In 1971 at age 19, I had a life-changing experience when I met dozens of Vietnam veterans who'd descended on my hometown of Detroit to testify at the "Winter Soldier" hearings organized by Vietnam Veterans Against the War. In anguished presentations, the Vets painstakingly described the horrors against Vietnamese they'd seen or taken part in. And the attitudes of racism and bloodlust that motored the war. Many vets blamed the lies in mainstream media for convincing them to go to Vietnam in the first place.
Virtually every soul in that Detroit hotel banquet hall wept openly at the heartfelt, bone-chilling revelations pouring out of the Vietnam vets struggling with bloody memories and post-traumatic stress. But no one outside that hall could see or hear the proceedings. No TV or radio networks covered the event.
This weekend at the National Labor College near Washington D.C., a new generation of vets convened by Iraq Veterans Against the War (IVAW) presented powerful hearings - "Winter Soldier: Iraq & Afghanistan" - that were more extensive and perhaps even more emotional.
Thirty seven years later, I again found myself sobbing at testimony from solemn young Americans returned from needless war, grappling with shattered lives over brutalities against civilians and prisoners they'd witnessed or participated in.
But I was nowhere near D.C.
This time, I watched the dramatic testimony - often buttressed by photographic and video evidence -- live online at www.IVAW.org. This time, I caught hours of coverage on Free Speech TV, the national satellite network that broadcast the panels of testimony and featured interviews with vets and their families in between panels. This time, I received regular video news feeds in my email inbox from The Real News Network. (The hearings were also televised on 20 public access channels from Fayetteville to Palo Alto, and in public gatherings from Florida to Alaska.)
On my car radio, I listened to the proceedings live on the Pacifica network, which broadcast the hearings to affiliates nationwide - along with call-ins and email from listeners, including Iraq vets and soldiers not as critical of the war.
The four days of vets' testimony revealed the struggle these young Americans are waging to regain their humanity and morality after having been transformed into callous war-fighters who largely dehumanized Iraqis as a people - not just "the enemy" or combatants. An objective observer hearing the testimony would have good reason to wonder if U.S. troops - given the often gratuitous and racist brutality, and the mistreatment of women, children and the elderly -- can ever be a solution in Iraq.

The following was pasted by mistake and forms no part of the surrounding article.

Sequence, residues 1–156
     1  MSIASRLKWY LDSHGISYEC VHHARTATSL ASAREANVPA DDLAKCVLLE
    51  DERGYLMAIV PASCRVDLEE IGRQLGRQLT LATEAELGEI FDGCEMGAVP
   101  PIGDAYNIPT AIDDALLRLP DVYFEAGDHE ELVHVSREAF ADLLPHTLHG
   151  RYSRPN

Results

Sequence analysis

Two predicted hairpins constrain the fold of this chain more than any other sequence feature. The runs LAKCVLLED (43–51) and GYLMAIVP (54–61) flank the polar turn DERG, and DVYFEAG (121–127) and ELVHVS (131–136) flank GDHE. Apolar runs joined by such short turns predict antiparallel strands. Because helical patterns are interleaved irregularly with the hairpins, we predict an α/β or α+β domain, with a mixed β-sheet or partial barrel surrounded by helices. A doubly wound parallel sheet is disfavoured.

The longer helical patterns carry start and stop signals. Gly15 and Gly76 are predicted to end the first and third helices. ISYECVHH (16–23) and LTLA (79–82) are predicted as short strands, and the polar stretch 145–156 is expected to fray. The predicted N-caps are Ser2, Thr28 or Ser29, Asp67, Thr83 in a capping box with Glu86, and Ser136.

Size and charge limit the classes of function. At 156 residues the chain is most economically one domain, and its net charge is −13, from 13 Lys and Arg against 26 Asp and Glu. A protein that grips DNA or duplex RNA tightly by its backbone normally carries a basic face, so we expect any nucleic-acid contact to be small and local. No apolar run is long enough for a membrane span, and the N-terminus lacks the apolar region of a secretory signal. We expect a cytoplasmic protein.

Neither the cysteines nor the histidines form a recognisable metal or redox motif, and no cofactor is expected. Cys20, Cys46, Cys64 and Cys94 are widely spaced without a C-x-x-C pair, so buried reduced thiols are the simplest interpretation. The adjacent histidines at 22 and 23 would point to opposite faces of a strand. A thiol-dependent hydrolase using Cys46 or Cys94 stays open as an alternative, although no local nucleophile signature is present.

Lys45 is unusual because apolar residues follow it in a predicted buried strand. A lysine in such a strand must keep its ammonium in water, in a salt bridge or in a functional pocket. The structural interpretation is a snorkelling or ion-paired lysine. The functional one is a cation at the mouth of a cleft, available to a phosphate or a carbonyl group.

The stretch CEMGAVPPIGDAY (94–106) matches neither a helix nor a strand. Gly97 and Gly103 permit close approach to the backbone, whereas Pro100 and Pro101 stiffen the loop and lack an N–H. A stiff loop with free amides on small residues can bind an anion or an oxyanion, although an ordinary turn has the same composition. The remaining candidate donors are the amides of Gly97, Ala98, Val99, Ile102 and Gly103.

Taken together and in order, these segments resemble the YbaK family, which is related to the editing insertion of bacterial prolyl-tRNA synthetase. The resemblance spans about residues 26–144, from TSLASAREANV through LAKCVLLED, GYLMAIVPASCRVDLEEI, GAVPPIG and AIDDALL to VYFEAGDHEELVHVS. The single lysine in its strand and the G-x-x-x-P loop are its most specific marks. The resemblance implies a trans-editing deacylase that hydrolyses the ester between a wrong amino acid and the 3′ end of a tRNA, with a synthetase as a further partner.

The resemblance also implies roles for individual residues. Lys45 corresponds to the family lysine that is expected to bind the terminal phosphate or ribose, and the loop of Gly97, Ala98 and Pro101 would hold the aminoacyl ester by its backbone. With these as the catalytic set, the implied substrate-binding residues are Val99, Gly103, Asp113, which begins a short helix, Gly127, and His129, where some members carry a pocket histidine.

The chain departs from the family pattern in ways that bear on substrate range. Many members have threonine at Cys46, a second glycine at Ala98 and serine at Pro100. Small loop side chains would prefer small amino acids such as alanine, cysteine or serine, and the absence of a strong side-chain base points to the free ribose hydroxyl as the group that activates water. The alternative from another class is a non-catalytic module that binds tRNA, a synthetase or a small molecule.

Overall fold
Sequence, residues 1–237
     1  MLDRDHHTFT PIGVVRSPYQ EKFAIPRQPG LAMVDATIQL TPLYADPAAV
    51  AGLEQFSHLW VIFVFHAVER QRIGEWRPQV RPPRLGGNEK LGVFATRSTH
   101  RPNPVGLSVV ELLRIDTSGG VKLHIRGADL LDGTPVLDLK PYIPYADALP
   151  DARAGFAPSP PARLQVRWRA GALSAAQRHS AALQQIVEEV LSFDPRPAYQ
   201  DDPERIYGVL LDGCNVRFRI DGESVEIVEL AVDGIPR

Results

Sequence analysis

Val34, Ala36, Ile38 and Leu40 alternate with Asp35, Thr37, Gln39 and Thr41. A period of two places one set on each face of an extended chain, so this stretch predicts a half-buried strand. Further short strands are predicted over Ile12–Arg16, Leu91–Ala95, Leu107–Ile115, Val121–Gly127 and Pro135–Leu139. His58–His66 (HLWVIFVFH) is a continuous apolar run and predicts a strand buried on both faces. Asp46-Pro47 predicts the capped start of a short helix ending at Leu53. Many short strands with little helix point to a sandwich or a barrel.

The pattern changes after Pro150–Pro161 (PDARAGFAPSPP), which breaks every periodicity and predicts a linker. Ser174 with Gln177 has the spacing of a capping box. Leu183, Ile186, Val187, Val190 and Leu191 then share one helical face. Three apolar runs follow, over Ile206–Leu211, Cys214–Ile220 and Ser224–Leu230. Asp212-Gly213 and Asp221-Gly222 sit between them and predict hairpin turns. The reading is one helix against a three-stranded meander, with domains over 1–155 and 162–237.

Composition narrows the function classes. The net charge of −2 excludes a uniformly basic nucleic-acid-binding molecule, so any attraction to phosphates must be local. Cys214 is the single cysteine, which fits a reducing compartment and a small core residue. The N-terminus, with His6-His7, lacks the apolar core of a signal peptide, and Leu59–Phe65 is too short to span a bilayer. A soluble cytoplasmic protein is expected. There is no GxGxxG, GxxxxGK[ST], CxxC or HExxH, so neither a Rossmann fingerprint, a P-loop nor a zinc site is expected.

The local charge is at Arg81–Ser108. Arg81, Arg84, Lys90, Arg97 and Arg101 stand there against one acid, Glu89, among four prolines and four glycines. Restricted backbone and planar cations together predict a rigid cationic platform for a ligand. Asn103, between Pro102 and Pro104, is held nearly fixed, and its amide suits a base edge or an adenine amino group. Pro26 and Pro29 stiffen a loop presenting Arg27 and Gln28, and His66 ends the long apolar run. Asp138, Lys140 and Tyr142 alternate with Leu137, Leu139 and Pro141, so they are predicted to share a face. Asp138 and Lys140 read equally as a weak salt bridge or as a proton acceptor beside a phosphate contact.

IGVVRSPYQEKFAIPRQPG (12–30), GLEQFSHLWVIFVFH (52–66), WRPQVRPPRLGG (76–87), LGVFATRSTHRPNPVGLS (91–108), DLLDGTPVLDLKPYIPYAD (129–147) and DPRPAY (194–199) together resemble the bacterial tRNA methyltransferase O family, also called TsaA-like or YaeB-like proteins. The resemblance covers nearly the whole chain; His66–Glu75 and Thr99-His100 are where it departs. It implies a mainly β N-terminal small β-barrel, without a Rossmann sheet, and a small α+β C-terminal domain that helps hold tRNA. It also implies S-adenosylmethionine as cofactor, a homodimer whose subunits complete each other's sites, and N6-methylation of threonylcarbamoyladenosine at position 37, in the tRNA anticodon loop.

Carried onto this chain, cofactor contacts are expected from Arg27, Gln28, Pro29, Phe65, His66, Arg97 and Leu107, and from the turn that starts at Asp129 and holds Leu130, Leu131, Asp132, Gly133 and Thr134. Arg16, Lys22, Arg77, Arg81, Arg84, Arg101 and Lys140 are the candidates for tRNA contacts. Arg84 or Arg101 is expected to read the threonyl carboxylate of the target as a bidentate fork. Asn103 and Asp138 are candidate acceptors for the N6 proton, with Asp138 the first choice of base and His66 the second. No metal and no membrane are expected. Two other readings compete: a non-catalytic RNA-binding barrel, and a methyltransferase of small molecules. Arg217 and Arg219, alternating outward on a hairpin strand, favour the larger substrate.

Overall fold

On panel after panel, the veterans offered heartfelt "apologies to the Iraqi people" for what our country has done to their country. I saw a vet rip up the commendation he'd received from Gen. David Petraeus, denouncing the general as a cheerleader who put his own ambitions above his duty to the troops and to the truth. Many vets called for rapid withdrawal from Iraq and criticized Democratic leaders for prolonging and funding the endless occupation.
Ex-Marine Jon Turner, who served two tours in Iraq, ripped his medals from his shirt and threw them on the ground, concluding: "I'm sorry for the hate and destruction I and others have inflicted upon innocent people... Until people hear what is going on, this is going to continue. I am no longer the monster that I once was."
Such powerful first-hand accounts - if heard by the American public - would threaten continued funding of the Iraq occupation. But national mainstream outlets in our country, unlike big foreign outlets, largely ignored this weekend's proceedings.
Not surprisingly, these Iraq veterans had little but scorn for U.S. corporate media whose journalistic failures helped sell the war five years ago, and whose sanitized coverage helps sell the troop "surge" today.
But thanks to the Internet and the growing capacity of independent TV, radio and web outlets, a significant minority of Americans had access to these proceedings. And the archived hearings are now available to anyone anytime with computer access.
In Detroit in 1971, I remember what happened when one of the rare mainstream camera crews showed up at Winter Soldier. . . and then abruptly packed up to leave in the middle of particularly gripping testimony. A roomful of Vietnam vets booed and jeered. It was the moment I became a media critic.
Winter Soldier II shows that it's not enough to criticize corporate media. Even more important is to take advantage of new technologies to keep building independent media.